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@Castigator.3470 said:

@"Eekasqueak.7850" said:If the consequence is death and that consequence happens anyway I feel like it going away is very heavily implied.

It would seem rather pointless if it went away at death, since back when it was designed, it just meant the White Mantle had to get a monk with a resurrection spell. Then bam, they could torture all those juicy secrets out of the agent.

That depends on whether or not you can be resurrected against your will. In some RPGs this is flat out impossible, once the soul has moved on to the afterlife.In all cases of resurrection in GW1 we, the players, obviously wanted to continue playing. As for Balthazar, he had to physically go into the Mists and deploy a soul eater into the domain of the lost to force spirits into his forged army, who didn't even remember their names. On the other hand, those make the perfect brainwashable recruits for that purpose.Palawa Joko apparently invented that technique, but his eaters only disperse the ghosts. The ghosts get mad*, if you repeat that often enough.Zhaitan's undead were not necessarily the same spirits as the originals. The only spirits he could get, were they Royal Family, who are still around even after Zhaitan's death. They have some unfinished business in Orr.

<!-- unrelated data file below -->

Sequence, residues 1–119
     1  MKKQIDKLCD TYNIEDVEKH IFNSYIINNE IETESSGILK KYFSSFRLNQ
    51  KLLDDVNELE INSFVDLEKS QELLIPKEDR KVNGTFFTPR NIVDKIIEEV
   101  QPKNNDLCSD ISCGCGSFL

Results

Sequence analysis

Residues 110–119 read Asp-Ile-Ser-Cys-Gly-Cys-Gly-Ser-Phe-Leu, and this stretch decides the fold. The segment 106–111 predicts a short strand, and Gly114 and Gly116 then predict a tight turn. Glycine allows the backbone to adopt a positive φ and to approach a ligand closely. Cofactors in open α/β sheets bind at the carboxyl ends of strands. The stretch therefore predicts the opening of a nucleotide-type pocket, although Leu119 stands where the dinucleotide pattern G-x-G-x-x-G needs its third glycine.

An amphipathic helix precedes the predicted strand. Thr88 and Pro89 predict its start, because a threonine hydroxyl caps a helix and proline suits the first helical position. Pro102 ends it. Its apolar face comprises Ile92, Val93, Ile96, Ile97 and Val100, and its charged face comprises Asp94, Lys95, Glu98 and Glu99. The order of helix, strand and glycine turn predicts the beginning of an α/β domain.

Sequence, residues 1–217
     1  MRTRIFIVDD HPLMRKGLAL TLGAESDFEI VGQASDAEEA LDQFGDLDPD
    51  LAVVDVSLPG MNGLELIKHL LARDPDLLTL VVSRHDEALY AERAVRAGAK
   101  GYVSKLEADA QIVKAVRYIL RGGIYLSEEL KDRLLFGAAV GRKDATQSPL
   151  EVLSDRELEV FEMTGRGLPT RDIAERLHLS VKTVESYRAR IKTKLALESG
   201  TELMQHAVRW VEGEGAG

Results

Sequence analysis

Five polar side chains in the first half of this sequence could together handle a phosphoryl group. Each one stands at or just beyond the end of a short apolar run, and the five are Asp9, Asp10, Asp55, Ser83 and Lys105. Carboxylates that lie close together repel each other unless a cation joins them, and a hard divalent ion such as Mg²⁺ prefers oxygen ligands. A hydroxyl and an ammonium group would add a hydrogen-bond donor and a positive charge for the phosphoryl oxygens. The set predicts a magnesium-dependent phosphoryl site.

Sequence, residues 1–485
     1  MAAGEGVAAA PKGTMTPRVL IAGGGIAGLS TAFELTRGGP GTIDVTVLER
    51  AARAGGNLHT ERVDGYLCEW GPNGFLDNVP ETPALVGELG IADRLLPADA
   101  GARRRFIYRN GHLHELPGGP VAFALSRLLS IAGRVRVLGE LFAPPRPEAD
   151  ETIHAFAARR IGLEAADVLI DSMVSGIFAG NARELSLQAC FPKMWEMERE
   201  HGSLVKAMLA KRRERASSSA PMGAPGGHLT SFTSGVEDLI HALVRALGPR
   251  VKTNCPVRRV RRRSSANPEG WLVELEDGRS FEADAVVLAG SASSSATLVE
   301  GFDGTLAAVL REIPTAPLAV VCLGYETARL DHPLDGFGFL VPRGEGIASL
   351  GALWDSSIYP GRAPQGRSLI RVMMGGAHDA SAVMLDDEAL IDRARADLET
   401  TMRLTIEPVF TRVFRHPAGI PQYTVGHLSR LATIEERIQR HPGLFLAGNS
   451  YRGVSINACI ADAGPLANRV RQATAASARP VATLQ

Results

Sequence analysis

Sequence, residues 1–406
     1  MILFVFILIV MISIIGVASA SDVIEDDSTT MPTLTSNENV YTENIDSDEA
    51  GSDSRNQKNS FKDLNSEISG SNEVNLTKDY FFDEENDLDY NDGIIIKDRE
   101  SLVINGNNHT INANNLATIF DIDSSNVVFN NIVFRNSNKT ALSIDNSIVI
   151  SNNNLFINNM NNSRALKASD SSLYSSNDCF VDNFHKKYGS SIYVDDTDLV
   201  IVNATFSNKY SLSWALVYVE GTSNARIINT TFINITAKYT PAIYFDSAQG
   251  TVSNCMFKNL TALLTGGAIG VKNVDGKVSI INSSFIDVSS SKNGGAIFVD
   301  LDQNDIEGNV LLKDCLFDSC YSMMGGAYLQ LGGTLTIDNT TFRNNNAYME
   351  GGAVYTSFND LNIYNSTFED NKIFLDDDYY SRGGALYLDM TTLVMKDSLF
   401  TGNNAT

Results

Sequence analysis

*Understandable, to them it's like being killed in PvP over and over again, which tends to grind even on robust ghosts.

during human PS, the orders of tyria pact, we summon a spirit of certain pirate - judging from priestess incantations - regardless of the will of said spirit.

so if "gifted" necromancer priestess of grenth can forcibly summon a spirit from the underworld for interrogation in modern tyria (when influence of the six is much weaker than it used to be) I see no issue with monk being able to forcibly shove that spirit into.... well for resurrection it'd be his body of old.